... Cardiac stress testing tracks and identifies CVD-related risks in asymptomatic patients with 85% specificity and 60-70% sensitivity [17]. The electrocardiogram stress test effectively determines ischemic changes in asymptomatic CVD patients. ...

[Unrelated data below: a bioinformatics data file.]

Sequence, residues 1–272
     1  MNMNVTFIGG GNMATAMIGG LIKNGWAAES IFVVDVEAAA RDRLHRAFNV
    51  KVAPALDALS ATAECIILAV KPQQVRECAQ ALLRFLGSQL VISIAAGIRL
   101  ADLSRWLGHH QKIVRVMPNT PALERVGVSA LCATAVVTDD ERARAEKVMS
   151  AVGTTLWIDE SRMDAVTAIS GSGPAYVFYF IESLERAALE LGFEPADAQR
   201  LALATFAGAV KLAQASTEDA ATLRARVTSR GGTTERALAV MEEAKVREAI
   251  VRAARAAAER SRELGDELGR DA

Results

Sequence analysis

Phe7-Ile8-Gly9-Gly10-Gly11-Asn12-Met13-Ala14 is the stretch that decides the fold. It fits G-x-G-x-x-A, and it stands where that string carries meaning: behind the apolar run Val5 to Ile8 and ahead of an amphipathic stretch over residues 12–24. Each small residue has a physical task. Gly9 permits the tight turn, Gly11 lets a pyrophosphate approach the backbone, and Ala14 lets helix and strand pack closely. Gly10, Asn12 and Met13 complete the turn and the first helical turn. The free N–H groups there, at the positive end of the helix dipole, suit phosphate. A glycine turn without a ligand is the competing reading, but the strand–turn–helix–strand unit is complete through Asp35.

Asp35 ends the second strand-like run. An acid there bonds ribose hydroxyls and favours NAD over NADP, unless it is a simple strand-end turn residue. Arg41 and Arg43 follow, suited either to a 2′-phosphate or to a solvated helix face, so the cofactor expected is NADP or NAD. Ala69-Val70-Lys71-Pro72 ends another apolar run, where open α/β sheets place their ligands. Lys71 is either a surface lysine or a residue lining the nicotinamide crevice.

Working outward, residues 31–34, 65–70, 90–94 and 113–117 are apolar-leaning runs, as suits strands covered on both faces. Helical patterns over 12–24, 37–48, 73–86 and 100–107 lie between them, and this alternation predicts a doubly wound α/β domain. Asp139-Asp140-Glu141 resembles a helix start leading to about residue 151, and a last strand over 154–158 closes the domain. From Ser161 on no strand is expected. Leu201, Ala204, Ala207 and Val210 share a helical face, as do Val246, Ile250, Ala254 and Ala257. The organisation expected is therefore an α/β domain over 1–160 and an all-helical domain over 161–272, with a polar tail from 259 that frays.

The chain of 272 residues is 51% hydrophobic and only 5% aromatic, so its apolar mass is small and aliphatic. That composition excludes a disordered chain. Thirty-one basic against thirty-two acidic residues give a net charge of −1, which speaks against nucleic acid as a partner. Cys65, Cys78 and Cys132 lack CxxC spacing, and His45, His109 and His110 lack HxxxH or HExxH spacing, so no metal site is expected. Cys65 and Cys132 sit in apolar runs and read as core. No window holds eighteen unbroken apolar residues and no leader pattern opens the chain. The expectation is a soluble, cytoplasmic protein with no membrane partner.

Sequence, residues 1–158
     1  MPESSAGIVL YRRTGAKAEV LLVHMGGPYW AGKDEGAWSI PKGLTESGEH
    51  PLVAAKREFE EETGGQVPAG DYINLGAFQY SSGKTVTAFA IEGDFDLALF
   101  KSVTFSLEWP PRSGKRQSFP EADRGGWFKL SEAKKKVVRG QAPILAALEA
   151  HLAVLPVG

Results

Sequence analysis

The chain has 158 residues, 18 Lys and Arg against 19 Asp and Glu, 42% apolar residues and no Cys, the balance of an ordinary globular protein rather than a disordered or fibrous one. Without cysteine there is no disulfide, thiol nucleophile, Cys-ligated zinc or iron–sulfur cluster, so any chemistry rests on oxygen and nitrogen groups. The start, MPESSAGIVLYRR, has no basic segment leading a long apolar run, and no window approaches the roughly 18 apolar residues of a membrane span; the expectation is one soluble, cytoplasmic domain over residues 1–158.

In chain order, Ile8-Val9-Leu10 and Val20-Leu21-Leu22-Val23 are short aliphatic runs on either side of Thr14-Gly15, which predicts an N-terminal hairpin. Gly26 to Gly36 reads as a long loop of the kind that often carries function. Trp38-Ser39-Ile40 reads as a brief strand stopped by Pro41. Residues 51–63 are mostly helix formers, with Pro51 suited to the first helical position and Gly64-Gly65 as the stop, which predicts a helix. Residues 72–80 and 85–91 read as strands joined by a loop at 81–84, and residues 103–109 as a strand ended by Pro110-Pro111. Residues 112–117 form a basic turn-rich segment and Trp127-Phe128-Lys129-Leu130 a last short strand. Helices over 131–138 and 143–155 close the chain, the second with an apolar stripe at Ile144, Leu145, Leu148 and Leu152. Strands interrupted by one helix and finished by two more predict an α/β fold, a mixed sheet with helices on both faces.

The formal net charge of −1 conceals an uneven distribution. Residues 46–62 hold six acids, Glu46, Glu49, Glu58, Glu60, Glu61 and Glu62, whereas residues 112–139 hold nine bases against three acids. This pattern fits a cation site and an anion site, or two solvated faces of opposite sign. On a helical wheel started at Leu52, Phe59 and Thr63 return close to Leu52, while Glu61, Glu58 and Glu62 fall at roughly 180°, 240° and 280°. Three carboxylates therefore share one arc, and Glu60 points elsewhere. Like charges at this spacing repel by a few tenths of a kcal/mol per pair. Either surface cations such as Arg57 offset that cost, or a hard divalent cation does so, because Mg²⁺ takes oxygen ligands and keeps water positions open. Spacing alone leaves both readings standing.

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The cardiac stress testing, carotid duplex, coronary artery calcium (CAC) scoring, myocardial perfusion imaging, coronary angiography, C-reactive protein (CRP), glycated hemoglobin (HbA1C), total serum cholesterol, duplex ultrasonography, digital subtraction angiography, magnetic resonance angiography (MRA), computed tomography angiography (CTA), digital subtraction angiography, and ankle-brachial index (ABI) independently predict the risks and prognostic outcomes in asymptomatic cardiovascular disease (CVD) patients. The peripheral artery disease (PAD) screening guides the diagnosis, management, and prognosis of hemodynamically significant arterial stenosis, calcification, and malignant hypertension in patients with CVD without symptoms. The 79% sensitivity and 96% specificity of ABI screening, 90% sensitivity and 97% specificity of MRA, and 95% sensitivity and 50% specificity of CTA for tracking arterial occlusion indicate the high prognostic value of these tests in the setting of CVD. The 85% specificity and 60-70% sensitivity of cardiac stress testing substantiate its suitability to determine asymptomatic CVD prognosis related to myocardial ischemia, heart failure, multivessel disease, and unstable angina. The carotid duplex ultrasound potentially identifies long-term mortality, stroke, atherosclerosis, plaque instability, and angiographic stenosis among asymptomatic CVD patients with 94% specificity and 90% sensitivity. The CAC scoring has a positive predictive value (PPV) of 45.7% for identifying aortic valve calcium and PPV of 79.3% for tracking thoracic artery calcium. The medical literature provides substantial evidence concerning the validity, reliability, and prognostic value of cardiovascular testing for asymptomatic patients. Future studies are needed to undertake detailed assessments of benefits versus adverse outcomes associated with the prospective scaling (of cardiovascular testing) across asymptomatic CVD patients.